I'm very tempted to create a more general list of philosophical proofs like this one: "http://www.godlessgeeks.com/LINKS/GodProof.htm". I'm certainly perplexed how many rationalists seem to base their views on "because I say so". Replacing "magic man dunnit" by "magic laws dunnit" doesn't strike me as more convincing, but I'm still quite confused.

39. The Black Swan: The Impact of the Highly Improbable (N. Taleb) (Reserved it a while ago, but is quite a bit in demand at my library, so I'll just have to force it in soon.)

Jun 23, 2010, 12:05pm Top

Alright, just finished the last book on my old list, so it's time for an update. As I made some changes, let's start with what I have read:

26. The Black Swan: The Impact of the Highly Improbable (N. Taleb) (Very interesting and really cool writing style.)
27. Freedom Evolves (D. Dennett) (Just as stupid as I expected. I was not disappointed. :>)
28. Metaphors We Live By (G. Lakoff) (Maybe I misjudge its influence 40 years ago, but I didn't exactly found it to be surprising or much interesting at all. I mean, it's all pretty much correct, but also quite obvious.)
29. A Cognitive Theory of Consciousness (B. Baars)
30. In the Theater of Consciousness (B. Baars) (Yay, finally someone with some sense! Practical applications galore, useful references for further reading and a coherent, testable theory! I even changed some of my learning accordingly, relying more on intuitive understand and simple exposure. It's obvious that Baars is not a philosopher, but a psychologist. ;) Anyway, highly recommended, although, as Chalmers makes clear, Baars' ideas ultimately fail to explain consciousness, but they at least map a lot of the terrain around it.)
31. Conversations on Consciousness (S. Blackmore) (Very nice introduction to the main position of many relevant researchers in the field. Changed my todo list accordingly.)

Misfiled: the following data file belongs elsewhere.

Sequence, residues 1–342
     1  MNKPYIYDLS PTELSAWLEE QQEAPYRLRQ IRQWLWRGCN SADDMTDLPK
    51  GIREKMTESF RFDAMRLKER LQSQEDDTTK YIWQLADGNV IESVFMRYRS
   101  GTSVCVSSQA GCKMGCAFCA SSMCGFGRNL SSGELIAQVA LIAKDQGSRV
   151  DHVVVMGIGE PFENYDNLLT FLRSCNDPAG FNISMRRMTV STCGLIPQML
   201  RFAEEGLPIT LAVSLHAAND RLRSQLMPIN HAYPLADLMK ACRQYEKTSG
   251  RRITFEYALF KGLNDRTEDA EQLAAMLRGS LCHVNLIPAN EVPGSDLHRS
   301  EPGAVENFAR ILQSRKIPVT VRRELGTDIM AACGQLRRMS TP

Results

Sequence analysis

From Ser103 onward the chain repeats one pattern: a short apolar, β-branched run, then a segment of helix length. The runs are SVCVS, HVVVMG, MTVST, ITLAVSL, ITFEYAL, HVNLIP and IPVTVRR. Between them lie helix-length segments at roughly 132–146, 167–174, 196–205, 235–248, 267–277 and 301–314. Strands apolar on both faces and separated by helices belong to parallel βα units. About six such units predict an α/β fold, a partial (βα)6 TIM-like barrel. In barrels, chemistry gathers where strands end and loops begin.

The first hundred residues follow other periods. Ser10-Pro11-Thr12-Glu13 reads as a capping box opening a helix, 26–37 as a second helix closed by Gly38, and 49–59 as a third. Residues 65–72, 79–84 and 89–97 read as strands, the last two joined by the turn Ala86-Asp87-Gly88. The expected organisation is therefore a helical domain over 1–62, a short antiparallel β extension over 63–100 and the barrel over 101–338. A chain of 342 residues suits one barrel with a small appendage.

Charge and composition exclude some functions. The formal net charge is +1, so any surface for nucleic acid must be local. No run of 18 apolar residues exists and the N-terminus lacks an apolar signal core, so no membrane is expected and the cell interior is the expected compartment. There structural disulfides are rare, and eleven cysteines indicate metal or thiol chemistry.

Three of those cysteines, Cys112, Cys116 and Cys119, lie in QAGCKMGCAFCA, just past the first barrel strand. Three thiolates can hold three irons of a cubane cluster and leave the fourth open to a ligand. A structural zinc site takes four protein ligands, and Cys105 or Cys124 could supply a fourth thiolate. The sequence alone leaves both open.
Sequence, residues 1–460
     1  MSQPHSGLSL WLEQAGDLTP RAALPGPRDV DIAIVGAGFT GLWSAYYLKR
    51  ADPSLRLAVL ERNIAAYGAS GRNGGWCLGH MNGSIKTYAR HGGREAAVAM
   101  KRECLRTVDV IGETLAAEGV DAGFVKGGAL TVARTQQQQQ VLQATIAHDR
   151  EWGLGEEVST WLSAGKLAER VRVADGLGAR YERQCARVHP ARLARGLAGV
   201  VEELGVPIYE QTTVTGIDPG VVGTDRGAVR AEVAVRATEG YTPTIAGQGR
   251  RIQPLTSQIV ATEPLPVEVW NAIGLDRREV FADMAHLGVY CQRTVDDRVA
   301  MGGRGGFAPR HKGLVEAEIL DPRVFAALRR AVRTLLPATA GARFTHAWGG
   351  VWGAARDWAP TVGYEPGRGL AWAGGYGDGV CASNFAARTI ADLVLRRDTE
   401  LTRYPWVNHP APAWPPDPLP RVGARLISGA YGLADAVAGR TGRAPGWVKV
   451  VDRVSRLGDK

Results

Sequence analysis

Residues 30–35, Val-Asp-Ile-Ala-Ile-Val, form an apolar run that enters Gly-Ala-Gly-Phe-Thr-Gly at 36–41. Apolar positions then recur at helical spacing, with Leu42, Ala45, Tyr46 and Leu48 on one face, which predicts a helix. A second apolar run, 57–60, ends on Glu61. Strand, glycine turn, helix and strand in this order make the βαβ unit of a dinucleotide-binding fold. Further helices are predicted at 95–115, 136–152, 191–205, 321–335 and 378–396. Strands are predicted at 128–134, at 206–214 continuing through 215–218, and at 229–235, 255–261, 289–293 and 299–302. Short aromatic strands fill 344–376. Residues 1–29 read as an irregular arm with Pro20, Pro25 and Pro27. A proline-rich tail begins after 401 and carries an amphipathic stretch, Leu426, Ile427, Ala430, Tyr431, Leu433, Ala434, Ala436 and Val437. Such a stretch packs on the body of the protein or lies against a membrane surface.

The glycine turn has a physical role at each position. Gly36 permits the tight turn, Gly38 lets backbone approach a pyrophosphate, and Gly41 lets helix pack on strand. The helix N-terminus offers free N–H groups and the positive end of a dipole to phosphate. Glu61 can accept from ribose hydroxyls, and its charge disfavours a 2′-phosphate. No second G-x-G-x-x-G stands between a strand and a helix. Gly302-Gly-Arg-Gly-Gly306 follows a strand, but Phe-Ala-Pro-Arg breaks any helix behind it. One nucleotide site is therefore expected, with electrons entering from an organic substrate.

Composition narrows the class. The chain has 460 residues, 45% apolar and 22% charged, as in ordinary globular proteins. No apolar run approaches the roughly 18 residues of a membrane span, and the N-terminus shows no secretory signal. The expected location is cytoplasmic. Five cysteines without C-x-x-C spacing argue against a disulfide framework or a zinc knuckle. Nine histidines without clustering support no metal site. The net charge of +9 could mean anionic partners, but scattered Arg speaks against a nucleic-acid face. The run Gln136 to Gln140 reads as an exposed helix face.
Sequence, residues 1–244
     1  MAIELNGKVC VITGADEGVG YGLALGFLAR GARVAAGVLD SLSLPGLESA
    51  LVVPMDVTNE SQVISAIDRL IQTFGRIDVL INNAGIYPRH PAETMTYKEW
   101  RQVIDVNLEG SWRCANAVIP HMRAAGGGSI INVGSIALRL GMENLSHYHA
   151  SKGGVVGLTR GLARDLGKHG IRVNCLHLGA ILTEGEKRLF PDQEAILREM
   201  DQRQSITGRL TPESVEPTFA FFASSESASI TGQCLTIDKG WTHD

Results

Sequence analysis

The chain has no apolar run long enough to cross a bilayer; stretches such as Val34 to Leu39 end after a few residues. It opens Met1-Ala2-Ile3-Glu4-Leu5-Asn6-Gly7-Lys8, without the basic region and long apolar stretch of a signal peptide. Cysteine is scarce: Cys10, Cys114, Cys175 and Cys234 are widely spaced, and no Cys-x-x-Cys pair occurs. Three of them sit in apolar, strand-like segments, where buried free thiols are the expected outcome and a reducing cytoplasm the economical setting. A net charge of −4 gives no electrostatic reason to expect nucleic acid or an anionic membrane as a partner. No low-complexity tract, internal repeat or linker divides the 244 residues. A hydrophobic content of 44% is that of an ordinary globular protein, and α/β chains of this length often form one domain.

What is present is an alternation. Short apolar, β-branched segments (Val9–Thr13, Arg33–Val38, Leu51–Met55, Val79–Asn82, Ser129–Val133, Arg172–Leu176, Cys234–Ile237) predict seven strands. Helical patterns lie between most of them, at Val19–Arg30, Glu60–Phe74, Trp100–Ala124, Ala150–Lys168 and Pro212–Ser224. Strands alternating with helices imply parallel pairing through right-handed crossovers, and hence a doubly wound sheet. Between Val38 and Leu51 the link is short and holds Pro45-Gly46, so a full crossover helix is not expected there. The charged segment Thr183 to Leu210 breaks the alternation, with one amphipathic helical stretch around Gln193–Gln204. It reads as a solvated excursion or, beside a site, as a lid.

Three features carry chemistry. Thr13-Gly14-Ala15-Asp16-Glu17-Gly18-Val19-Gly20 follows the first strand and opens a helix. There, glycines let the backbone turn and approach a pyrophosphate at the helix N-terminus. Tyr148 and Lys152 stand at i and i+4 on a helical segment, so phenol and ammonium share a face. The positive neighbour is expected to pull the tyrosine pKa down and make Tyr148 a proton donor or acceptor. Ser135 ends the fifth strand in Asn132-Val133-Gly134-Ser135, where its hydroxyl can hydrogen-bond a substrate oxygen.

32. Getting Things Done (D. Allen) (I used his techniques already for a while, but never actually read the book. I thought I might get further ideas, but alas, no inspiration.)
33. Look, Ma; No hands! (R. Link, http://www.semanticrestructuring.com/lookma.php) (Awesome. My main guide to speed reading.)
34. The Light Fantastic (T. Pratchett) (Reread while learning speed reading.)
35. Tokyo. Beim Näherkommen durch die Straßen. (S. Wackwitz) (Further speed reading material. Fairly forgettable.)
36. Don't Think of an Elephant! (G. Lakoff) (Dito.)
37. Homo Faber (M. Frisch) (Dito. And what a horrible aesop.)
38. Blue Ocean Strategy (W. Chan Kim) (Probably one of the most important business books evar. Must read, especially in combination with Malstrom's blog.)
39. The Well-Grounded Rubyist (D. Black) (Good, if somewhat weird in its order. I mean, introducing mixins before control statements?! Oh well.)
40. Consciousness: A Very Short Introduction (S. Blackmore) (Probably weird to read it so late now, but still, it's a great introduction and well... I kinda forgot I had it until now... :D)
41. The RSpec Book (D. Chelimsky) (Still beta, but a good introduction nonetheless.)
42. Von Anfang und Ende: Über die Lesbarkeit der Welt (U. Timm) (*sigh* The first time I was really disappointed by Timm. I hope he isn't losing it now...)
43. Alles Gefühl ist leiblich (G. Nebel) (Speed reading material.)
44. Twilight (S. Meyer) (Dito. And... ahem. I actually liked it. But for all the wrong reasons.)
45. ONE PIECE 1 (尾田 栄一郎) (Finally reading more Japanese again. More to come.)